The debacle in Syria is the definition of a no-win dilemma for the United States. No wonder President Barack Obama has been reluctant to act on this complex, treacherous foreign policy challenge that is likely to end badly no matter what we do.

The appalling use of chemical weapons by President Bashar al-Assad and his army, killing tens of thousands of his own people, forced Obama's hand. The United States could not ignore that blatant flouting of international law and basic humanity. Intervention is the right thing to do. But Americans should have no illusion that it will end well.

This photo released on the official Facebook page of Syrian President Bashar Assad, shows Syrian president Bashar Assad working in his office, in Damascus,
This photo released on the official Facebook page of Syrian President Bashar Assad, shows Syrian president Bashar Assad working in his office, in Damascus, Syria, Thursday, June 13, 2013. (AP Photo)

The hope is that pressure on Assad will bring about a peaceful transition to a representative government that provides stability to Syria and the Middle East. The Clinton administration's no-fly zone in the Serbians' war on Bosnia accomplished this. But Syria is different. The leadership of the uprising now appears to have links to al-Qaida and Hezbollah and, for U.S. interests, may be worse than the butcher Assad.

Still, we have to stand against the slaughter if we can help to stop it.

Secretary of State John Kerry on Wednesday argued for air strikes on Syria's chemical weapons stockpiles. Kerry has been a proponent of providing more arms to moderate Syrian rebels, which sounds reasonable -- but just what constitutes a moderate Syrian rebel?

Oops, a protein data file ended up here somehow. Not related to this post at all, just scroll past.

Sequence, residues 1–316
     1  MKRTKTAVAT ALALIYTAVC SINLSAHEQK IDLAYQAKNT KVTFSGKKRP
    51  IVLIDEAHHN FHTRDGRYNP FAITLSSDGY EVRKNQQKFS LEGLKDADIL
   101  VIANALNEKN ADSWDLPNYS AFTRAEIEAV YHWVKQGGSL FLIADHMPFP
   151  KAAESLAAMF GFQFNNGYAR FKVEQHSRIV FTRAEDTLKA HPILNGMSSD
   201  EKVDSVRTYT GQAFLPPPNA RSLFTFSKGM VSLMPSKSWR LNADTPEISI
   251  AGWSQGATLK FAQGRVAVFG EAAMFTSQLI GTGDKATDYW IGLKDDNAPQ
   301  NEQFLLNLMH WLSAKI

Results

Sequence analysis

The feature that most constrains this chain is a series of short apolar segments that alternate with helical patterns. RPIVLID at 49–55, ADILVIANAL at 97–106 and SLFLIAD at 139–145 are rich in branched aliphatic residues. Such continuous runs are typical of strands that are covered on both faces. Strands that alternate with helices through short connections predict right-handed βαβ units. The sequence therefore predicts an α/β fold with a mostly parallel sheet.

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The Supreme Military Council, the umbrella rebel organization in Syria, is loaded with leaders who would like to impose Islamic law. And the al Nusra Front, the al-Qaida-aligned force fighting in Syria's largest city, has been declared a terrorist organization by the U.S. State Department. None of the major rebel groups is a likely long-term ally.

If U.S.-aided rebels oust Assad, we may have some leverage. But the new government will be packed with radicals. Remember the U.S. support for the Taliban in Afghanistan fighting the Soviet Union 35 years ago?

But leaving Assad in power is more distasteful. A U.N. report released this month said, "War crimes and crimes against humanity have become a daily reality in Syria where the harrowing accounts of victims have seared themselves on our conscience."

Assad has the backing of Iran and Russia, whose President Vladimir Putin counts him as his biggest ally in the Middle East. Putin will only turn on Assad if he is assured of a friendly successor. Good luck with that.

These are the realities that have kept Obama out of it. The use of chemical weapons changes the game. The Syrian people are victims, and we have to be on their side. But let's not harbor illusions about what we are doing. The leaders we help in Syria could prove as distasteful to us -- or moreso -- than the murderous Assad.